91. In the fall of 2003 a second meeting was held with Governor Murkowski where the parties reported on what had happened since the prior meeting. Representatives of Alaska DEC are also present. The governor directed AIDEA to work with DEC and GVEA to get the full retrofit permitted by DEC.
92. As a result of that meeting and after much effort by DEC and GVEA, GVEA submitted a joint air permitting plan to DEC in February 2004. The significance of the timing of the filing of such a plan was that on July 1, 2004, significantly more stringent air quality regulations were to go into effect.
93. GVEA and DEC continued to process these applications throughout 2004 right up to June 29th when AIDEA appeared at a GVEA Board meeting. AIDEA then presented GVEA with 2 letters.
94. One letter was addressed to GVEA and said that if GVEA continued to pursue the air permit applications, AIDEA would oppose them. Despite the letter, GVEA had made a commitment to the governor to work with DEC and AIDEA for a retrofit air permit. GVEA fulfilled that commitment by filing the air permit application on time as agreed.
95. AIDEA’s second June 29th letter was sent directly to DEC asking DEC to suspend the air permit application to allow the full retrofit the governor had directed the parties to pursue.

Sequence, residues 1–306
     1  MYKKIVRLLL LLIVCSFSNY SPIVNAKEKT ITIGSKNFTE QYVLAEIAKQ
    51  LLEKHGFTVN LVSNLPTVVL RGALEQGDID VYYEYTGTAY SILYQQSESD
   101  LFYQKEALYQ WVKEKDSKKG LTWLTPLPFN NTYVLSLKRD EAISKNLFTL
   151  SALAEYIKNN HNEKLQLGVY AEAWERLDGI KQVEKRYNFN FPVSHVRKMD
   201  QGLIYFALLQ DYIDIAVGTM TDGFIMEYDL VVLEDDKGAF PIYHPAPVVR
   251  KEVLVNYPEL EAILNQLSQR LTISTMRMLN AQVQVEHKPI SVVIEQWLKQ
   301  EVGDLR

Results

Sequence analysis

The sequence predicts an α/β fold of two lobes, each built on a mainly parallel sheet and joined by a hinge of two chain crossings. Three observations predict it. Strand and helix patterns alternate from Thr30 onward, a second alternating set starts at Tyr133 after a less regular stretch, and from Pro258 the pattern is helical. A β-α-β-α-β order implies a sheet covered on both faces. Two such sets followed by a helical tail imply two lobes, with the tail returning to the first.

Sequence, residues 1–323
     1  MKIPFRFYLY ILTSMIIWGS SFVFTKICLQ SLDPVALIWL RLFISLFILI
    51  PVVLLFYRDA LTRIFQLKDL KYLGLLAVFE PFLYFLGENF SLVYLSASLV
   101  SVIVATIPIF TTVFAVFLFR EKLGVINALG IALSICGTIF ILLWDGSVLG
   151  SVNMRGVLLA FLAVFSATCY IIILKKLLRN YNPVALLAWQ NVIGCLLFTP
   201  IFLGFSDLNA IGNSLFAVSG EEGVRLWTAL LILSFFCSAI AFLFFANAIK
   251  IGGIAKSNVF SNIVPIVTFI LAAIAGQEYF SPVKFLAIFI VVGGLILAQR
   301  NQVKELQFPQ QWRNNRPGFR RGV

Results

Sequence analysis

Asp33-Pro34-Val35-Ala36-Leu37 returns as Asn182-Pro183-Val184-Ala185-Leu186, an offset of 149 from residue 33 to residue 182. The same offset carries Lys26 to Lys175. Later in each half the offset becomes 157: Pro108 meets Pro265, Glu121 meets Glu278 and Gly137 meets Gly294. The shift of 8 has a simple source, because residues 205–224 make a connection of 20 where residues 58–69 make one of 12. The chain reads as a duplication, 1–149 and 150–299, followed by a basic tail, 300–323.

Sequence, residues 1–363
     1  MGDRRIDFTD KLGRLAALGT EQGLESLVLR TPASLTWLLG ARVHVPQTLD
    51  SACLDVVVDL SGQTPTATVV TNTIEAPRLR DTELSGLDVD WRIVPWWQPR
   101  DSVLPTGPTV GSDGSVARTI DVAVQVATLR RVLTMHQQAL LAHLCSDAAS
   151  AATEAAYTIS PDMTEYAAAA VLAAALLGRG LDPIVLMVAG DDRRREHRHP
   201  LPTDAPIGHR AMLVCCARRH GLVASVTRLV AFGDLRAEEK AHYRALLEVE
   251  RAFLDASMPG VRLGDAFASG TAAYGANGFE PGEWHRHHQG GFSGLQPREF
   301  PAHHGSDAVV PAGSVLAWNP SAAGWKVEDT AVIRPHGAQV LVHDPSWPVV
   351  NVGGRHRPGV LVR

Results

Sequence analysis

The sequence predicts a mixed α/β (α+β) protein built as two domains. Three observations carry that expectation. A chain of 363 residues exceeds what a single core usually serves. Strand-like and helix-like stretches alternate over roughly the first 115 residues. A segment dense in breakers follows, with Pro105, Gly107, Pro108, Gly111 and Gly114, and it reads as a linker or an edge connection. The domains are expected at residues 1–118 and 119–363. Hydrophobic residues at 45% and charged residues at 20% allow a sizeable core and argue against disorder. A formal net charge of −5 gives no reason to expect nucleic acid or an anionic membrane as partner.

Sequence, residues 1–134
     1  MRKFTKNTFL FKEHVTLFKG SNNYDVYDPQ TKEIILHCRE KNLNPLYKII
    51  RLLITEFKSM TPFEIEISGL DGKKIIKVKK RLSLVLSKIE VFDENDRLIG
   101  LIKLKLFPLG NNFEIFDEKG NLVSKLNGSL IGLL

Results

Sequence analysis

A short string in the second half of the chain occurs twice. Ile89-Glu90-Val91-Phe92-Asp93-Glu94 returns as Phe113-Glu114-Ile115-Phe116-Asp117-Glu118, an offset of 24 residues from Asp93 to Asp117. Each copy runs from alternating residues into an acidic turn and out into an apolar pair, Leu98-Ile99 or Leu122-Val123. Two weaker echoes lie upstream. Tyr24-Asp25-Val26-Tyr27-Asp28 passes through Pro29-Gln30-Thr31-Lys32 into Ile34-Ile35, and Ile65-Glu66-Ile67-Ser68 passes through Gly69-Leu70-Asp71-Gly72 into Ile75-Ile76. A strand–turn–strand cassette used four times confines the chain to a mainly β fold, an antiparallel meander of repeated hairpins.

96. The net result of these actions was that AIDEA lost its “grandfathered rights” status, which allowed it to operate HCCP under the requirements in place when the plant was designed and built. The loss of these rights increased the costs to AIDEA of any retrofit by $15 million because selective catalytic reduction (“SCR”) then became a regulation requirement. This decision by
AIDEA immediately devalued HCCP by the $15 million of otherwise unnecessary costs that would now have to be spent by anyone trying to restart HCCP’s operations. The parties jointly hire an expert to advise them how to solve the problems of HCCP and get it operating again.
97. Prior to the second meeting with the governor in the fall of 2003, and as a result of the joint Boards meeting on almost a monthly basis, AIDEA and GVEA acknowledged that one of the hurdles to agreeing on the future operations of HCCP was that each party disagreed with the set of “facts” that was being used by the other on which that party’s decisions were being